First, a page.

A bill that would funnel charges brought against youth into the juvenile justice system, rather than into the adult criminal justice system, has advanced.
The Unicameral has moved LB 464 forward on a unanimous vote.
That didn’t mean there weren’t reservations about the measure.
Sen. Scott Lautenbaugh of Omaha tells colleagues he doesn’t believe the bill has addressed all the issues raised by county attorneys.
“Well, there’s definitely work to be done,” Lautenbaugh says. “I’m glad the concerns of the county attorneys and the counties and others will be heard. I appreciate Sen. Ashford doing that.”
Though he’s willing to consider changes, Sen. Brad Ashford of Omaha, says the Legislature cannot put off the issue.
“We must not avoid this problem again. This must be solved this year. We must pursue this matter this year,” Ashford tells colleagues during floor debate.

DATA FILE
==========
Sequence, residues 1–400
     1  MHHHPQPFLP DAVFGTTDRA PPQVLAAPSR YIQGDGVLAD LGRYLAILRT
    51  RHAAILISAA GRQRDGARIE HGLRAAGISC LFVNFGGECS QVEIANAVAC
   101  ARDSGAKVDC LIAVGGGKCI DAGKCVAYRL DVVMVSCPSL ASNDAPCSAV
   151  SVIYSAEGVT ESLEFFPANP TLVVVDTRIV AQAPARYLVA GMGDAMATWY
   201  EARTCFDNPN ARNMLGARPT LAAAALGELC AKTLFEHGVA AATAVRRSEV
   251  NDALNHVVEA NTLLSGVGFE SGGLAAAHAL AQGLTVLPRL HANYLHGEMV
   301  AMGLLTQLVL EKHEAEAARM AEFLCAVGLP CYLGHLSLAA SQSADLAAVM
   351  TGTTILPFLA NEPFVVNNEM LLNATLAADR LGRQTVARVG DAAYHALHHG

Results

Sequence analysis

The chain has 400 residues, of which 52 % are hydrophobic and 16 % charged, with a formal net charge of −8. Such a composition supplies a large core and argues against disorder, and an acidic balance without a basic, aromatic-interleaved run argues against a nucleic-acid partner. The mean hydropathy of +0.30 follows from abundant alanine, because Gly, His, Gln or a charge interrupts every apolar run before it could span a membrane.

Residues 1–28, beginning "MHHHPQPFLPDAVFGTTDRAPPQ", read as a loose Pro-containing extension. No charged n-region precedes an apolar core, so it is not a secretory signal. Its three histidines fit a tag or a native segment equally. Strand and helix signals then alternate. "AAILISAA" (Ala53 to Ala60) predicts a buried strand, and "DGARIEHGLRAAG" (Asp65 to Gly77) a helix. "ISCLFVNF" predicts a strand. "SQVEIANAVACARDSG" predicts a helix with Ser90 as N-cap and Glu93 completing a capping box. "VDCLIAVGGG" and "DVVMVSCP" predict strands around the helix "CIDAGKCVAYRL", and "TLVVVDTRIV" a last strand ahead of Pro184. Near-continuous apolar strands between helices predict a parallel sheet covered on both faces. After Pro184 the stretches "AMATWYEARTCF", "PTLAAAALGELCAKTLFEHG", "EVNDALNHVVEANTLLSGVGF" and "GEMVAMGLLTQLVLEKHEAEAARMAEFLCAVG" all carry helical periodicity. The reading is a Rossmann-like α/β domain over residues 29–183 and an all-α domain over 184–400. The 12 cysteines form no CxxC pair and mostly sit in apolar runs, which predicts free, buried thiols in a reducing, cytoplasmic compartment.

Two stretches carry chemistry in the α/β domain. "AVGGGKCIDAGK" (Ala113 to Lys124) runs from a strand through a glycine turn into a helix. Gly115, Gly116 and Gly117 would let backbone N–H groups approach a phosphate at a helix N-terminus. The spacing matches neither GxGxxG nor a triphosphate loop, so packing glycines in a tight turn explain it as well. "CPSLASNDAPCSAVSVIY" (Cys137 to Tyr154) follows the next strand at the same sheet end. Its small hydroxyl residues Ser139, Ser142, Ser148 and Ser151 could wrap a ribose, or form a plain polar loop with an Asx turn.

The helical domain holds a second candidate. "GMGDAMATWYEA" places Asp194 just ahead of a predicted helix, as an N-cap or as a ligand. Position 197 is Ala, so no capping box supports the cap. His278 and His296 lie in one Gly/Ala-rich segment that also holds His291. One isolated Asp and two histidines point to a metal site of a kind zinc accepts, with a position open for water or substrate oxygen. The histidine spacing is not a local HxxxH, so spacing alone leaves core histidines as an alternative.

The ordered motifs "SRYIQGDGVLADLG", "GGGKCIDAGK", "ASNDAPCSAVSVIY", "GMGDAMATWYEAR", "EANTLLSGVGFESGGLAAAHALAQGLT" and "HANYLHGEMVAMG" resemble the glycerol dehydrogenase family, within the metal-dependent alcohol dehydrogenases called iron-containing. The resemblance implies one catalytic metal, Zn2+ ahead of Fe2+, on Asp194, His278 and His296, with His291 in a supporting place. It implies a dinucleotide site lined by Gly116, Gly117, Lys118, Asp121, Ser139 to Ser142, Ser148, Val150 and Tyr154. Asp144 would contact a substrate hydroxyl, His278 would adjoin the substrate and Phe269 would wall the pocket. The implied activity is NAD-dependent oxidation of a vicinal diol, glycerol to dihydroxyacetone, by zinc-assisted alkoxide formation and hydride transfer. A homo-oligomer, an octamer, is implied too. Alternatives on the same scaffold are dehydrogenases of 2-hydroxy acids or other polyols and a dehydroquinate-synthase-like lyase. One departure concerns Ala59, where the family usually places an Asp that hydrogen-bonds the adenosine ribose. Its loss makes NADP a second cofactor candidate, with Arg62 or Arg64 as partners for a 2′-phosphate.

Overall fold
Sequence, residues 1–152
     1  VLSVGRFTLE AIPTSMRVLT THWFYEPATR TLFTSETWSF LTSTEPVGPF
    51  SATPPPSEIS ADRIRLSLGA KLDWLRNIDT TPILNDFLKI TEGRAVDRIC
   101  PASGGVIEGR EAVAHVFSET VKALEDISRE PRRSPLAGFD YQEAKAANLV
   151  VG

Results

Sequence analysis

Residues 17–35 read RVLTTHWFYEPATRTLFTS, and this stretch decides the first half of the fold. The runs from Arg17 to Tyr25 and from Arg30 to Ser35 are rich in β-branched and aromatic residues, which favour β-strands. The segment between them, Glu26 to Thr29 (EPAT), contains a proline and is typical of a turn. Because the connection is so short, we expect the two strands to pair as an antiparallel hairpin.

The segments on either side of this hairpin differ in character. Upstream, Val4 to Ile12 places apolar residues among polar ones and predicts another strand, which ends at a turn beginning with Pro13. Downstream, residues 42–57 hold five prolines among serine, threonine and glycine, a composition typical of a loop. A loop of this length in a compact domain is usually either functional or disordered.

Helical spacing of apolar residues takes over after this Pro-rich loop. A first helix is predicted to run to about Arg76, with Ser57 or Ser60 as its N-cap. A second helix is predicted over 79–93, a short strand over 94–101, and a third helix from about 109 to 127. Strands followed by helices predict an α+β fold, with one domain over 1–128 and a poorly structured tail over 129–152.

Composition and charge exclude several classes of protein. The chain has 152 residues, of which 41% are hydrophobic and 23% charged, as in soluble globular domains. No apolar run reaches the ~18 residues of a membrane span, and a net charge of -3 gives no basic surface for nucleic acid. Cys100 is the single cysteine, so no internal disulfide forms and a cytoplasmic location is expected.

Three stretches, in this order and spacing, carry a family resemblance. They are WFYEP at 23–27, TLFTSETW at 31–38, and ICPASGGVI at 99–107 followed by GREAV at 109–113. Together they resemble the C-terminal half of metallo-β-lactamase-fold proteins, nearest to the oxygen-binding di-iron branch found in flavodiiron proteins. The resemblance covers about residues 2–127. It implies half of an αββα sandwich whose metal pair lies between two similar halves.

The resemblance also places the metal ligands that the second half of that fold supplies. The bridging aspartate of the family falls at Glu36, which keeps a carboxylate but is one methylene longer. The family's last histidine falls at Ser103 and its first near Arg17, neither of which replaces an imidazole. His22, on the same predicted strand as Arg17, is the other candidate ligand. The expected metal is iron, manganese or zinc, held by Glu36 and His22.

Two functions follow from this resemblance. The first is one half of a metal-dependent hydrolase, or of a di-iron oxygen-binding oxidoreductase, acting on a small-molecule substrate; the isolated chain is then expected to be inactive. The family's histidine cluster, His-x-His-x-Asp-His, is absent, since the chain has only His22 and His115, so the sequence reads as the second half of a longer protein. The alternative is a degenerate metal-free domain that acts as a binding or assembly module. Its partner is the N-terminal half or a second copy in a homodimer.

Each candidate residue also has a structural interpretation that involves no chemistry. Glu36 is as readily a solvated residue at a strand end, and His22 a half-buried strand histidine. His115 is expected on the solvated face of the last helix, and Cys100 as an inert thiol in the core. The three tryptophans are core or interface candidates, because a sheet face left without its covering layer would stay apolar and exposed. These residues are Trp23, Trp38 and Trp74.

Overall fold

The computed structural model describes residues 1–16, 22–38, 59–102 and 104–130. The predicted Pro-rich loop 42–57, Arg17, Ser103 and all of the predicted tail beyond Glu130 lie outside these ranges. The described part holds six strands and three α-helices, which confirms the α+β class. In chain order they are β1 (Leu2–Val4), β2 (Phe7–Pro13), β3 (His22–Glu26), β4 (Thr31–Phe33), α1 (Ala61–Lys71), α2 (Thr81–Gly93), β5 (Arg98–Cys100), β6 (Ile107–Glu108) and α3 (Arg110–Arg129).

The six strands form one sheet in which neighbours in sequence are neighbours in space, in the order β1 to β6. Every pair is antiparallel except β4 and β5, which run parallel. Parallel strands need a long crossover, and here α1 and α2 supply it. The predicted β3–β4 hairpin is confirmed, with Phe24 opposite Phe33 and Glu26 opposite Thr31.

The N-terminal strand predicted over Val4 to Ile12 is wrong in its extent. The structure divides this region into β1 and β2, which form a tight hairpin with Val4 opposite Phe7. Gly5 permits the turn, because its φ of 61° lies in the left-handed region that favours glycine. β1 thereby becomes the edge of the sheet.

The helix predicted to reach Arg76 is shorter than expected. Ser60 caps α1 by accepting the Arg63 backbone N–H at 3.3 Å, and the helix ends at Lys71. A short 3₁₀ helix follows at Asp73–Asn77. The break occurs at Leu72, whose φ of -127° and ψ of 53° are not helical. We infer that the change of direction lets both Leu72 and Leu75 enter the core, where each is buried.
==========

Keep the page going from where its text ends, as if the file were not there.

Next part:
Nebraska law directs cases against juveniles into adult court. Prosecutors can decide whether cases get transferred into the juvenile justice system. Still, about half of all juvenile cases remain in the adult system.
Ashford contends most juvenile offenders need treatment, not punishment.
“To try to break the continuum from early indications of problems to violence and more difficult behavioral issues as these young people get older and go through the system,” Ashford states.
Yet, Lautenbaugh warns that a tilt toward treatment can go too far.
“And I think we have to tread lightly and carefully, especially when we’re talking about the most serious offenses,” Lautenbaugh cautions.
The bill flips the current system. Criminal charges filed against someone younger than 18 would be filed in juvenile court. Cases could be transferred to adult court after a hearing before the juvenile court.